Networks with a large number of files can take a very long time, and require a lot of loading and unloading of tapes to complete a full backup. There may not even be time in a night or an entire weekend to complete a full backup of all the systems across a very large network. An easy way to handle this problem is to stagger the clients' backup schedules. Rather than have every client system perform a full backup on Monday and incrementals the rest of the week, for example, you can schedule some clients to perform a full backup on Tuesday and others on Wednesday.
NetWorker goes one step further to smooth the backup load for very large client systems. With NetWorker you can assign a separate backup schedule to each filesystem. Each filesystem, in essence, is treated as if it were a completely separate client.
You may leave the same backup volume mounted in the server's backup device throughout a week or month, and when it becomes full, replace it with a new labeled backup volume. NetWorker tracks all the backups, no matter what day of the week or month, or what part of the backup schedule cycle is in effect. The same backup volume may contain full, level [1-9], or incremental backups, and it makes no difference to NetWorker. For you, the benefits are fewer backup volumes to manage and the ability to recover from a disk crash with a minimum number of backup volumes.
Some sites prefer to segregate the full backups from the level [1–9] and incremental ones. The full backups protect the network from a catastrophic disk loss, and you want to guarantee their integrity. There is always a very small risk that if you leave the backup volume with the full backup sitting in the backup device, something could happen to it.
If a backup volume with incremental backups is ruined, users may lose one day of work. If the backup volume with the full backup is destroyed, users may lose all the work done since the last full backup. Therefore, some administrators prefer to remove the backup volume used for a full backup, put it in a safe place, and mount another backup volume for the following level [1-9] and incremental backups. The trade-off is that you may need a few more backup volumes to recover from a disk crash—the one with the last full, and the other volumes that contain the most recent level [1-9] and incremental backups.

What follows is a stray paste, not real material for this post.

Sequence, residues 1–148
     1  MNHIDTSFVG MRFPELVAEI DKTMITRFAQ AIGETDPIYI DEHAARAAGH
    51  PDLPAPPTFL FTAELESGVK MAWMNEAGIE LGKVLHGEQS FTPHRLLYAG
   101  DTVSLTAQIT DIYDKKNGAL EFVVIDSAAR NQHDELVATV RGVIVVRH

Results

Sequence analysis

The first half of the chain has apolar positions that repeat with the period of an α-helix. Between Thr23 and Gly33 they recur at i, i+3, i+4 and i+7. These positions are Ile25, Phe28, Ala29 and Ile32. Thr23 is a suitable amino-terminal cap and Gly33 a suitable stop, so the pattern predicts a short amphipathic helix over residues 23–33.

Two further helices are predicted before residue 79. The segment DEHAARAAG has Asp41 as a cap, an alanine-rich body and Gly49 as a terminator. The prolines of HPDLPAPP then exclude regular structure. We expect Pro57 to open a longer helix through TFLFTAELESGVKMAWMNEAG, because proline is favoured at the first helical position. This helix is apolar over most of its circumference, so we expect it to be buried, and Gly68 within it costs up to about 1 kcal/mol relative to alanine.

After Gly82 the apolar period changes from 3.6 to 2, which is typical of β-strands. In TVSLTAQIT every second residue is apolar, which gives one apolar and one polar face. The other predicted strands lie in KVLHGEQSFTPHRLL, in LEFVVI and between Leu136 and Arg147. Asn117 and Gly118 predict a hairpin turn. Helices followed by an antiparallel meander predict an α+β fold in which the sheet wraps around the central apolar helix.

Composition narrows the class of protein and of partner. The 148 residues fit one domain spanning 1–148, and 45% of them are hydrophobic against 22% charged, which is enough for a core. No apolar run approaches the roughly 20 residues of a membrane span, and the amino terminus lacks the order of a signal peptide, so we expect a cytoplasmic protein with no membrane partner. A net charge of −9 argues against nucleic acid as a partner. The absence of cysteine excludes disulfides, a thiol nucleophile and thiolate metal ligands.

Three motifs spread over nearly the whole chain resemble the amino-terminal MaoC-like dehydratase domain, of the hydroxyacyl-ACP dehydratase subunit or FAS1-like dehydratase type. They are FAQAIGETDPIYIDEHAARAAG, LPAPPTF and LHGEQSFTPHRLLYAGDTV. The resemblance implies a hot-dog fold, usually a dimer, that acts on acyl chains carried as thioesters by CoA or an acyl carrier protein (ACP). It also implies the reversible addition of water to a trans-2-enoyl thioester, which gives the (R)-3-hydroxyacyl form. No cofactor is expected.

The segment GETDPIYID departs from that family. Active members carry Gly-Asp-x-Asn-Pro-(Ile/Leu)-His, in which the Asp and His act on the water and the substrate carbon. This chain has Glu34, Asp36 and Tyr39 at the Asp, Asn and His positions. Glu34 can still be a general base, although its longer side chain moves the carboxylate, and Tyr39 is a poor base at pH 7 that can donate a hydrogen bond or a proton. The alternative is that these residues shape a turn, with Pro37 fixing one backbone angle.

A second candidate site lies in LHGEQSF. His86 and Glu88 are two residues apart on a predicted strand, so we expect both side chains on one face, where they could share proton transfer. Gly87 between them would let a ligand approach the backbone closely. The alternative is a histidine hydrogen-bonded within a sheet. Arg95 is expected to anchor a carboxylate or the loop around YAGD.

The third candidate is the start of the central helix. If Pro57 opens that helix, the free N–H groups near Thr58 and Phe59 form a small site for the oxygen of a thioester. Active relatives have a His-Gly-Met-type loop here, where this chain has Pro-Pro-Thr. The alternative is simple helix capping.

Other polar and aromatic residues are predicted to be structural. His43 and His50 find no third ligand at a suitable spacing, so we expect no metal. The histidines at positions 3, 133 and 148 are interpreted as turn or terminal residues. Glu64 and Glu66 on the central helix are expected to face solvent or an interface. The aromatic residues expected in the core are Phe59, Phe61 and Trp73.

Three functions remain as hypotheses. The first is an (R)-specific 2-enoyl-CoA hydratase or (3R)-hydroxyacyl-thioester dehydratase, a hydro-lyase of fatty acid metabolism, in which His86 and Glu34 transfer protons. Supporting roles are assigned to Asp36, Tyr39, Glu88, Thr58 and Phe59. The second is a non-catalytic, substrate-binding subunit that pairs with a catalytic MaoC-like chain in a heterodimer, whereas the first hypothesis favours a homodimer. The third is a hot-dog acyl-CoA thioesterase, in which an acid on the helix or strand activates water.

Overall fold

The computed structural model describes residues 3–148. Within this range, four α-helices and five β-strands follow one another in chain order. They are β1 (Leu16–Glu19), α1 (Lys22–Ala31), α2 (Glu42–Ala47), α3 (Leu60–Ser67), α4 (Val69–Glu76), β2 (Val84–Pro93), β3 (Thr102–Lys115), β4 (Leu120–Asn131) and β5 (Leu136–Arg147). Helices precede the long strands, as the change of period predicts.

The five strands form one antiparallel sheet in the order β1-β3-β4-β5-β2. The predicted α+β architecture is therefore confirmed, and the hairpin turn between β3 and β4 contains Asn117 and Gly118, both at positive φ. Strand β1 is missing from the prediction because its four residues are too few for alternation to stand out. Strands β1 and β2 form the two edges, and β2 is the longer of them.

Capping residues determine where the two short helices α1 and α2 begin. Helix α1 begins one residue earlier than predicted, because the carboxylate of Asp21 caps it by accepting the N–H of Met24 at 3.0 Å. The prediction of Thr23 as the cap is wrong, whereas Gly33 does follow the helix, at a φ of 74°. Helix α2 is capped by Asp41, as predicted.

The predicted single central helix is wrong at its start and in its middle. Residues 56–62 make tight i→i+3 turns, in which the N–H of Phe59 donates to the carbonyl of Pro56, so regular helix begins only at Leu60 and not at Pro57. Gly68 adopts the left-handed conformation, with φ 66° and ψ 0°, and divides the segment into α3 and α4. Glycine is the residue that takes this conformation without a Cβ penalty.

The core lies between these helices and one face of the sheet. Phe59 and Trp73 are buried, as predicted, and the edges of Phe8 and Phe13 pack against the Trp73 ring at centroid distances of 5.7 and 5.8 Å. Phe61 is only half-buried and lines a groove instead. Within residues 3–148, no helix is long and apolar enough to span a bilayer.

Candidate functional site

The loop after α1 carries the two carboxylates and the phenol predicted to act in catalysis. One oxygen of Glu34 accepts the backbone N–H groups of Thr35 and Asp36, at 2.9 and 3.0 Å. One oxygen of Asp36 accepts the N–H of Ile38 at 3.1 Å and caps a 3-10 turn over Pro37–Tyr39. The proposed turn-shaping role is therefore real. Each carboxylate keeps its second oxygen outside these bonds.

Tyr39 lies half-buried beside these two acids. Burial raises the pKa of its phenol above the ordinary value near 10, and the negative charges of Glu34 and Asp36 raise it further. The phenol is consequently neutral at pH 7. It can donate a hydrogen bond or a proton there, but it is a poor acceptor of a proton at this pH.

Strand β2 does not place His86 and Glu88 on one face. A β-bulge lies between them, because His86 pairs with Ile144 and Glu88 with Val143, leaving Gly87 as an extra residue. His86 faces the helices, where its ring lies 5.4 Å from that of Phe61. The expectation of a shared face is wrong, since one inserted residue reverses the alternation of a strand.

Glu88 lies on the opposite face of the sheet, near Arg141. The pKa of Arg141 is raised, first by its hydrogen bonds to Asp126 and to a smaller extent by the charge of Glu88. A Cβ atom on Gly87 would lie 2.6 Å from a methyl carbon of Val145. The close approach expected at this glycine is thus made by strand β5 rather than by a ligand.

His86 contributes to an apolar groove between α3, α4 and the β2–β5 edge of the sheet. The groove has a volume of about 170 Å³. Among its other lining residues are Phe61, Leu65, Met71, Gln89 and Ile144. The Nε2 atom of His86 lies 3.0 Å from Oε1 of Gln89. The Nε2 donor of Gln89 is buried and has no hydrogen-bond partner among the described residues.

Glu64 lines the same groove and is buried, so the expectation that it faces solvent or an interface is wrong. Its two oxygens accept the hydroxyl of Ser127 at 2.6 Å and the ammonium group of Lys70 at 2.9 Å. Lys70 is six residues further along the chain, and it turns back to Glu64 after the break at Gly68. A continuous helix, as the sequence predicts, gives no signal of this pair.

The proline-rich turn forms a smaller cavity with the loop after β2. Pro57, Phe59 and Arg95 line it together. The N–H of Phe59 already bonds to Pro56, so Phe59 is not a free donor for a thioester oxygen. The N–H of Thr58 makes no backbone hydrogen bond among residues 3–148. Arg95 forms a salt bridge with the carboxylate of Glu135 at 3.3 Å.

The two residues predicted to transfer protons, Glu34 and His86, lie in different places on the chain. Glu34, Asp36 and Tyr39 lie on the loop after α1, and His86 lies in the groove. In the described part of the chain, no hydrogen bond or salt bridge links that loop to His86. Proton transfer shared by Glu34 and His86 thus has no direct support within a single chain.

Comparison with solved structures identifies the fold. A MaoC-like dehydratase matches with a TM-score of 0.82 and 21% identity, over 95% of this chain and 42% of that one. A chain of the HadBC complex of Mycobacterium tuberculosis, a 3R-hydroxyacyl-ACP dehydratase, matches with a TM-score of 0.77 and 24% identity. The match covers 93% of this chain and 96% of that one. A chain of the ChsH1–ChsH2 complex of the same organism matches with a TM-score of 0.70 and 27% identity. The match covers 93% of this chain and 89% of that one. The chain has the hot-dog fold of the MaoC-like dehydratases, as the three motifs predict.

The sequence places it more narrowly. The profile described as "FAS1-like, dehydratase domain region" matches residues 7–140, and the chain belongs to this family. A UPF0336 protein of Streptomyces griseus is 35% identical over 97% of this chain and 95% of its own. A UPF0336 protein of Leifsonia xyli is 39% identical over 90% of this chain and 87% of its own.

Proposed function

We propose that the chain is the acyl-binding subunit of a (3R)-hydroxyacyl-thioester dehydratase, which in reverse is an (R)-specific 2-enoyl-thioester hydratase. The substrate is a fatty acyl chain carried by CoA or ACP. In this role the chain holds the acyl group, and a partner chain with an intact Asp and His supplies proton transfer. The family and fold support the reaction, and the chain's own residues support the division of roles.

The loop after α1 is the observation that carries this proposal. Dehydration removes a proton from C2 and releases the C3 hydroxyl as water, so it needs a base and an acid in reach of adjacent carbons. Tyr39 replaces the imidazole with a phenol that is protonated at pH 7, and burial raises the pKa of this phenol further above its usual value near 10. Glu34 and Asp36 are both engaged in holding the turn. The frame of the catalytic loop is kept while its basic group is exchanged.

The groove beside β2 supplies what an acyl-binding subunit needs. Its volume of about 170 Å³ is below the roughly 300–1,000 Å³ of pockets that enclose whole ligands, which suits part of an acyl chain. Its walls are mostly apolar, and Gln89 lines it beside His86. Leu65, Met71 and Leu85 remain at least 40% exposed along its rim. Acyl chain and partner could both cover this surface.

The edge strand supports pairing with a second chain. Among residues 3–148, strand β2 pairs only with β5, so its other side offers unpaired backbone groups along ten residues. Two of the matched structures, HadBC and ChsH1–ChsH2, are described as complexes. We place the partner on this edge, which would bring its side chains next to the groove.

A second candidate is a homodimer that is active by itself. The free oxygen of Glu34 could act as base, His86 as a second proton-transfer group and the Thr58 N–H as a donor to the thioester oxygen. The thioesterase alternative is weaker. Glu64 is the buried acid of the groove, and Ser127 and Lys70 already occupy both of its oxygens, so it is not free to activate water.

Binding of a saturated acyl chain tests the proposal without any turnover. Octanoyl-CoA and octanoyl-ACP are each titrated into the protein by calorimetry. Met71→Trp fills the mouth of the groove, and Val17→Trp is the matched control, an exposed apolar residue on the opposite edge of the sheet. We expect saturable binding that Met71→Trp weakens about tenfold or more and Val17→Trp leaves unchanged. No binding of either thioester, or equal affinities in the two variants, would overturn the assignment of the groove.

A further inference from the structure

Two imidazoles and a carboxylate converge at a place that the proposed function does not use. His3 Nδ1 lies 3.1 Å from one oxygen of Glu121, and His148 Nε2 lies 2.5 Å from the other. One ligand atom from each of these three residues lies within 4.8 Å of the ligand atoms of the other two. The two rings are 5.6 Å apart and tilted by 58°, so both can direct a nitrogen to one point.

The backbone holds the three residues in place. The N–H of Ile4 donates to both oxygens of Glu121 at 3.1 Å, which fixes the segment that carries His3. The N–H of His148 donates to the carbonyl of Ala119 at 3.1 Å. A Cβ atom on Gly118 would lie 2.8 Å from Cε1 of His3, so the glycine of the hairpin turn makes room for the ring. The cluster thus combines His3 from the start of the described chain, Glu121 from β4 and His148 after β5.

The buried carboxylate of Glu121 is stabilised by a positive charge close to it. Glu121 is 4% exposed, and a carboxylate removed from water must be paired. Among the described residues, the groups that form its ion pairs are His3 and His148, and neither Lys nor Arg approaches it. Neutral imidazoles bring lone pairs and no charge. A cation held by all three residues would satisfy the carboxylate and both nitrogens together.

NetWorker maintains online indexes of all the files backed up for each client and an index of the files stored on each piece of media. NetWorker lets you set policies that automatically control how long the information is retained in these online indexes. This section explains NetWorker's browse and retention policies and the trade-off between providing faster, easier recovery for your users or conserving disk space.
One of NetWorker's popular features is the ability to browse many versions of a file that have been backed up over time and to choose which one to recover. However, each version of a file that NetWorker tracks takes up space in the client online index (about 220 bytes each). Since disk space is limited, you need to establish a policy of how far back in time you will keep information about backed-up files in the indexes.
The browse policy that you select specifies how long the entries for your files remain in the file indexes. A browse policy can be any number of days, weeks, months, or years. NetWorker automatically deletes entries older than the browse policy time and frees up disk space. The browse policy, like the backup schedule, can be different for each client.